Finally, to shorten the tweet contents, CEbot supports alias, which combines arch & modes. Example: x32 is actually the alias of x86 32 (32-bit X86), m64 is the alias of mips 64 (64-bit Mips)

At the moment, CEbot supports 8 architectures with the following setup.


| Field | Value | Meaning | | :--: |:--:|:--| | arch | x86 | X86 architecture | | mode | 16
64 | 16-bit
32-bit (default mode)
64-bit | | syntax | intel
att | Intel assembly syntax (default syntax)
AT&T assembly syntax | | alias | x16
x64 | x86 16
x86 32
x86 64 |


| Field | Value | Meaning | | :--: |:--:|:--| | arch | arm | ARM architecture | | mode | le
thumb | Little endian (default endian)
Thumb mode |

Thumb (ARM)

| Field | Value | Meaning | | :--: |:--:|:--| | arch | thumb | Thumb mode of ARM architecture | | mode | le
| Little endian (default endian)
Big-endian |


| Field | Value | Meaning | | :--: |:--:|:--| | arch | arm64 | Arm64 (or Aarch64/ArmV8) architecture | | mode | le
| Little endian (default endian)
Big-endian | | alias | a64 | arm64 |


| Field | Value | Meaning | | :--: |:--:|:--| | arch | mips | Mips architecture | | mode | 32
| 32-bit (default mode)
Little endian (default endian)
Big-endian | | alias | m32
m64 | mips 32
mips 64 |


| Field | Value | Meaning | | :--: |:--:|:--| | arch | ppc | PowerPC architecture | | mode | - | No mode specified is needed |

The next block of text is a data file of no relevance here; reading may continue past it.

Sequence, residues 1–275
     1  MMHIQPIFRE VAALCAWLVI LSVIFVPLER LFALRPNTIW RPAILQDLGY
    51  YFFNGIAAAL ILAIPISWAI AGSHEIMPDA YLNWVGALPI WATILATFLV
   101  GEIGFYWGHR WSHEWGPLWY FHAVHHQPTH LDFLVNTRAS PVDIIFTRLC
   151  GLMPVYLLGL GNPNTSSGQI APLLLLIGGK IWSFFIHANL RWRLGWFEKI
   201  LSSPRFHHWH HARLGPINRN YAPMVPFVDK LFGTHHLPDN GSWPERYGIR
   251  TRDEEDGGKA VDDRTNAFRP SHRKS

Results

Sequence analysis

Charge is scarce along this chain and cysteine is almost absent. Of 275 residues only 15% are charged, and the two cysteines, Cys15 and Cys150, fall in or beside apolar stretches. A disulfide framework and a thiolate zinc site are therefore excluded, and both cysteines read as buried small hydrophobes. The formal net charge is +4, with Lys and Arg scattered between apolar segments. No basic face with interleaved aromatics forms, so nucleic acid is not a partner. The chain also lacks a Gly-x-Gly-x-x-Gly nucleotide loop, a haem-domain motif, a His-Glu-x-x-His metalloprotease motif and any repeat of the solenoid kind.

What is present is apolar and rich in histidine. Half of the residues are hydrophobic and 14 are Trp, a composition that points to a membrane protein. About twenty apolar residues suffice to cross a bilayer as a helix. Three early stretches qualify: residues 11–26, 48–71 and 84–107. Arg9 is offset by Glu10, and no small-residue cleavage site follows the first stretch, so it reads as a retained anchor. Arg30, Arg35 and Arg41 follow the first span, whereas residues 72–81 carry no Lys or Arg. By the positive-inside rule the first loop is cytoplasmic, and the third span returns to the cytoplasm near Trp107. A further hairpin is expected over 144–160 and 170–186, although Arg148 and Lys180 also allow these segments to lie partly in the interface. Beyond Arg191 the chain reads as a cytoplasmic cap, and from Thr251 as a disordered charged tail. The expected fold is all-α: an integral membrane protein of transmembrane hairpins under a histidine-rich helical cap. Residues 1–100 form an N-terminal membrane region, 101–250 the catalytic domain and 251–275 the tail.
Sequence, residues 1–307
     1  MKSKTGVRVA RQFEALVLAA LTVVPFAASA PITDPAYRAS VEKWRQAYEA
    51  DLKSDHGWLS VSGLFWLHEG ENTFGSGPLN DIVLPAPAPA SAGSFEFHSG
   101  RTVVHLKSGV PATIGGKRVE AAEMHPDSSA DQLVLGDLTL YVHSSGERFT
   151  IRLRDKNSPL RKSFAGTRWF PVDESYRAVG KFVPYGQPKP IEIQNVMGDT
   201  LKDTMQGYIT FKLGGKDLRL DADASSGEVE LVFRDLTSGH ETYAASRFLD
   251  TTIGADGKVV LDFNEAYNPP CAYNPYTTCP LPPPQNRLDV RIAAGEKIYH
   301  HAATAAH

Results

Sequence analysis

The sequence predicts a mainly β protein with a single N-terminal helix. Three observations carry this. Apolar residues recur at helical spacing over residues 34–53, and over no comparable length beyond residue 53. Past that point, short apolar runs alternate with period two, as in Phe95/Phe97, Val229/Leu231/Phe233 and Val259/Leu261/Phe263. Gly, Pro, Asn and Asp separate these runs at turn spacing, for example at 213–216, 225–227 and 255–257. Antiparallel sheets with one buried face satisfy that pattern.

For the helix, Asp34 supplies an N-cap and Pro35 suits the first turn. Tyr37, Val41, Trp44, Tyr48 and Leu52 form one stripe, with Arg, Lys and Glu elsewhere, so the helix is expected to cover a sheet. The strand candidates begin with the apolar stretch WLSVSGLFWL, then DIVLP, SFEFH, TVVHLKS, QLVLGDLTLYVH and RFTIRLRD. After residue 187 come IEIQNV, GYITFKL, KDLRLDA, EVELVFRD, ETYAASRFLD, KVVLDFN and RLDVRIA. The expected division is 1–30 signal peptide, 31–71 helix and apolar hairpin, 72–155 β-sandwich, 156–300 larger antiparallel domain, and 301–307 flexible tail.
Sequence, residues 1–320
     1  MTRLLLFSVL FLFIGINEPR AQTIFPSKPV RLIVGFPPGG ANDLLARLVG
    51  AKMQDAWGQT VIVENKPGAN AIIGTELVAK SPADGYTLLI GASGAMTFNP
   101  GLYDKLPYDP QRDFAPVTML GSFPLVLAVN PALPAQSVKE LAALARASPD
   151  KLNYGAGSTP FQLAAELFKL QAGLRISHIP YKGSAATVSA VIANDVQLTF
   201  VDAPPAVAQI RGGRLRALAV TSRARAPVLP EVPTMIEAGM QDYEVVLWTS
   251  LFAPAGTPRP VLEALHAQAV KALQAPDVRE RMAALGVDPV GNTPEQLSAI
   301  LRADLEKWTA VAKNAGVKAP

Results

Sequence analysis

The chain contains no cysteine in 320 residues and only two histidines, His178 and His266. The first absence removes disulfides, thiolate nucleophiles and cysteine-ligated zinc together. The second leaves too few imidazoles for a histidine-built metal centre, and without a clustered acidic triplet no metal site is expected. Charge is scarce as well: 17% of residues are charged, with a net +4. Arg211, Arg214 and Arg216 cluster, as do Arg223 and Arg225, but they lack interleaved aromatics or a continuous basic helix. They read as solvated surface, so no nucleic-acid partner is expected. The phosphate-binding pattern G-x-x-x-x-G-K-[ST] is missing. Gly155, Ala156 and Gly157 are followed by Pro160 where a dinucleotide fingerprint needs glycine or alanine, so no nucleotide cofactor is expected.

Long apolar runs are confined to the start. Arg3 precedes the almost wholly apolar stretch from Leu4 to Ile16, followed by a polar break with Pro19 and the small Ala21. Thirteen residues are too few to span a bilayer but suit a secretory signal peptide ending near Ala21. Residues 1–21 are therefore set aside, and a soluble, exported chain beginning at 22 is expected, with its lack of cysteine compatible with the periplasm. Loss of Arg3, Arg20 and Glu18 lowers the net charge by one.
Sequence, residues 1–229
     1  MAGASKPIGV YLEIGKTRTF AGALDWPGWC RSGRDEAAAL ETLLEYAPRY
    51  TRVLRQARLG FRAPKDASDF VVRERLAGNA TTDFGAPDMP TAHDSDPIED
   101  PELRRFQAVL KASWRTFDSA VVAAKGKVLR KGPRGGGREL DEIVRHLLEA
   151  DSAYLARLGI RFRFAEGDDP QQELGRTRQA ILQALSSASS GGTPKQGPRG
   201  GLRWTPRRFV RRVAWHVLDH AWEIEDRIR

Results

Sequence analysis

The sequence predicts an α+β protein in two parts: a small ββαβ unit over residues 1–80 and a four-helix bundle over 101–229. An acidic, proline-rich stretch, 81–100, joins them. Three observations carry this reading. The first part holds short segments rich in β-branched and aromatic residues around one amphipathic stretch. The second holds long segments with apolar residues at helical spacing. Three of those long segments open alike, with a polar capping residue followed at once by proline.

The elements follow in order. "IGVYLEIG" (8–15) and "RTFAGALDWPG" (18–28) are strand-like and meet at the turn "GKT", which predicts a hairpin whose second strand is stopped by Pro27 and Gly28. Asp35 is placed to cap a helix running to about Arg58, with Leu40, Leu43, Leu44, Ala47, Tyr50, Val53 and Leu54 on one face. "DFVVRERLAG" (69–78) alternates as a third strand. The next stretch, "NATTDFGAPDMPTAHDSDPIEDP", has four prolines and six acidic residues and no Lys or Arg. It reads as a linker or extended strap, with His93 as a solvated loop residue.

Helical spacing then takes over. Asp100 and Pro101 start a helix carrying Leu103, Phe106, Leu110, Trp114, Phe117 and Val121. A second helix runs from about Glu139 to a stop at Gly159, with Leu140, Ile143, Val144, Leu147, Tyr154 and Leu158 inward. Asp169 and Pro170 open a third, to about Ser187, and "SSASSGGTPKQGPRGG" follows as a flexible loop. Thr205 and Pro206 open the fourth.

| Field | Value | Meaning | | :--: |:--:|:--| | arch | sparc | Sparc architecture | | mode | v9 | Sparc V9 | | alias | spv9 | sparc v9 |


| Field | Value | Meaning | | :--: |:--:|:--| | arch | sysz | SystemZ architecture | | mode | - | No mode specified is needed |


| Field | Value | Meaning | | :--: |:--:|:--| | arch | xcore | XCore architecture | | mode | - | No mode specified is needed | | alias | xc | xcore |

4. FAQ

Our bot with the Twitter ID @CEb0t watches for Twitter stream with hashtags #2ce and #cebot to pick up the requests. Powered by the latest Capstone Engine, this bot reverses the input hex-string, then sends back the assembly to the user via Twitter.

Note that the input code is disassembled with offset 0.

There are two main reasons when no assembly code is sent back.

Too bad, Twitter puts a tight limit on DM: we can only send 15 DMs in 15 minutes, and this restriction effectively makes it pretty useless. Therefore, CEbot has to stick with public tweets.

CEbot only answers requests having hashtags #2ce or #cebot#, plus the tweet content must strictly follows the syntax presented in section 3 above. It is unlikely that usual tweets meet these requirements. Therefore, there is little chance that CEbot will bother those who do not explicitly ask for its service.

The main issue comes from Twitter itself, as users can only send in short hex-strings: keep in mind that Twitter allows no more than 140 chars in a tweet.

In return, we walkaround this limit by sending back the assembly on Twitter only if the output is shorter than 140 chars. With longer code, we post the result on, then send back the link instead.